This misjudged sequel to the Oscar-nominated Alfie (1966) finds pop singer Alan Price replacing Michael Caine as the cockney casanova, Alfie Elkins, with director Ken Hughes taking over from Lewis Gilbert.
This time around Alfie is a London-based long-distance lorry driver whose trips take him to the Continent.
The film traces his amorous adventures in France and later, back in Britain.
He has a bird in every city and is involved with the usual bevvy of beauties, none of whom makes any impact apart from Jill Townsend as Abby, the beautiful and sophisticated editor of a travel magazine. Abby turns Alfie down but their romance blossoms when they both meet in France and Alfie finds himself in love for the first time.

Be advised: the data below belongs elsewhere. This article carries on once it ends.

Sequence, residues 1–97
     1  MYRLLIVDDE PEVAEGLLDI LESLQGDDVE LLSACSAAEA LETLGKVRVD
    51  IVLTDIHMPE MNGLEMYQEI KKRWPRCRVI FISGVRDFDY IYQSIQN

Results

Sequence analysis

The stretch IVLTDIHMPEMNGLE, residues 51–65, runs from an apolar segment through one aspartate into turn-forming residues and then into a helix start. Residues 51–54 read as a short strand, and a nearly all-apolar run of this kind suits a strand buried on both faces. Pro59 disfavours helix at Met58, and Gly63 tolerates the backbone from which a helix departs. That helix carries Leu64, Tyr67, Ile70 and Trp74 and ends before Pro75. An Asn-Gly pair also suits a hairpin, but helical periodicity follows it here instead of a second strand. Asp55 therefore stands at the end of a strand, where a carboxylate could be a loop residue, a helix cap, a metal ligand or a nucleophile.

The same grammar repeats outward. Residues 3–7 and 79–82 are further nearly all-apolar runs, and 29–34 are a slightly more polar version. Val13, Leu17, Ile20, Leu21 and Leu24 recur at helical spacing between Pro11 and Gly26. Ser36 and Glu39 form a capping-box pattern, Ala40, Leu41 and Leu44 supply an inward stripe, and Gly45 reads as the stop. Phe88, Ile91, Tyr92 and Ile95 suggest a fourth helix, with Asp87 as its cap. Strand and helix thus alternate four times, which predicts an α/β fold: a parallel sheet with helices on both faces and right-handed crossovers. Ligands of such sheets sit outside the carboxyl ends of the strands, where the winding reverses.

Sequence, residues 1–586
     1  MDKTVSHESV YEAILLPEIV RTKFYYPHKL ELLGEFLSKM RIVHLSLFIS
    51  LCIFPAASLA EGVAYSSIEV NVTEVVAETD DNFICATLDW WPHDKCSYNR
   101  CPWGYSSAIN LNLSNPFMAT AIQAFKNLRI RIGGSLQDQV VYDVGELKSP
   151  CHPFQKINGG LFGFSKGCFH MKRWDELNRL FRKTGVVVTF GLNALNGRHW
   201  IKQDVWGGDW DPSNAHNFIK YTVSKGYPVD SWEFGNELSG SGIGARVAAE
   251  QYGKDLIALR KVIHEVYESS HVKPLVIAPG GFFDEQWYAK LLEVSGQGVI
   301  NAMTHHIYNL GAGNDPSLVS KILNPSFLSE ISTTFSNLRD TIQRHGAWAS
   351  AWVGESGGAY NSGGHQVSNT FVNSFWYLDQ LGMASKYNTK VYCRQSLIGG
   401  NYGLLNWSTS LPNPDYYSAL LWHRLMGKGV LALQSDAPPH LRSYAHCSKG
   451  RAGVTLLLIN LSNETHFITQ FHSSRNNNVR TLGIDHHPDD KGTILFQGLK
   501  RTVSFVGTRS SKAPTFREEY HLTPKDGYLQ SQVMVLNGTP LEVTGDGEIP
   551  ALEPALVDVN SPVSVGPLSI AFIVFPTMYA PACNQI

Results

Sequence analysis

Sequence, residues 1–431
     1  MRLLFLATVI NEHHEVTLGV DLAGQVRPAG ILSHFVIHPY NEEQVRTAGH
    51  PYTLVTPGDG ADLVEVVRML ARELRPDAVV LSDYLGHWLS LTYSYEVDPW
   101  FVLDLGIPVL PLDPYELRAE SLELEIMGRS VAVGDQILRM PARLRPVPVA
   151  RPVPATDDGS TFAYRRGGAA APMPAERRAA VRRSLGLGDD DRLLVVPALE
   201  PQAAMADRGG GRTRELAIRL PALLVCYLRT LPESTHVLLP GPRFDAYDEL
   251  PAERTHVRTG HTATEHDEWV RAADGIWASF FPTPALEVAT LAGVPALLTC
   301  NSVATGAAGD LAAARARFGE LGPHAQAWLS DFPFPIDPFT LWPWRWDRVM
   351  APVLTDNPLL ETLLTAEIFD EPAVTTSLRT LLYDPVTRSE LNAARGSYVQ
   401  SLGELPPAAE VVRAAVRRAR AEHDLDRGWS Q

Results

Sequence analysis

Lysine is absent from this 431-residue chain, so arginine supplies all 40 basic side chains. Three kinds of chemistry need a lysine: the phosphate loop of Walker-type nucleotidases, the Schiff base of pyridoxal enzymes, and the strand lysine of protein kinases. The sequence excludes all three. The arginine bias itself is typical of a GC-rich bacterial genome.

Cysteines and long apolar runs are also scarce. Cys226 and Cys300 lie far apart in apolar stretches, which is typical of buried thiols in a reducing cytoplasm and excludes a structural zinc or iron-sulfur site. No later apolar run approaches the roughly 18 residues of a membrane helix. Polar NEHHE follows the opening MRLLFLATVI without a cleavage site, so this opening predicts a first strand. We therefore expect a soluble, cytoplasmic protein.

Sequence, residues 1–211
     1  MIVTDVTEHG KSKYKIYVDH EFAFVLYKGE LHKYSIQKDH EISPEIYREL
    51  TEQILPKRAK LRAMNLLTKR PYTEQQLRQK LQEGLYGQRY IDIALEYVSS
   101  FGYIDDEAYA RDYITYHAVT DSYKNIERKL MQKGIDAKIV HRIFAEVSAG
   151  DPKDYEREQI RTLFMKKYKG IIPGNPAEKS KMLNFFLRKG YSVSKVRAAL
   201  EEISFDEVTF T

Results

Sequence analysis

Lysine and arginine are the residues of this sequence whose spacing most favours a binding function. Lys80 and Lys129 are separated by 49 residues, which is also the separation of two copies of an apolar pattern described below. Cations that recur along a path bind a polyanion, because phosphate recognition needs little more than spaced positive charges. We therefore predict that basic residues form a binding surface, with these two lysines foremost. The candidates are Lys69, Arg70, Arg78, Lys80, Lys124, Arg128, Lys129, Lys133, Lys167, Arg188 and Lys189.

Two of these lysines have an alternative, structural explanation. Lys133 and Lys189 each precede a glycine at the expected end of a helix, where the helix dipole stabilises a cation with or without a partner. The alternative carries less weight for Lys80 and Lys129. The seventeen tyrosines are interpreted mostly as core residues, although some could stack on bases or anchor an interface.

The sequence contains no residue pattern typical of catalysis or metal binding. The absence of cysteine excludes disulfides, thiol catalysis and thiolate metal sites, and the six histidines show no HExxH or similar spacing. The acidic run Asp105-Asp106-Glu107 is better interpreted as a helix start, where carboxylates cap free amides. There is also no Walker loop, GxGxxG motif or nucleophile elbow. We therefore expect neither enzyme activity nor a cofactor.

The description “soft porn” seems appropriate – more breasts are bared in the first 10 minutes of this film than were uncovered in the entirety of its famous predecessor, including a topless Joan Collins as a well-off wife who entertains Alfie while her husband is away on business.
Annie Ross is a blowsy neighbour who is always ready to help Alfie out with more than just a cup of sugar.
Price is totally out of his depth in this poorly-scripted film which lacks the verve and pathos of the original.
His actions onscreen are more mechanical than his lorry.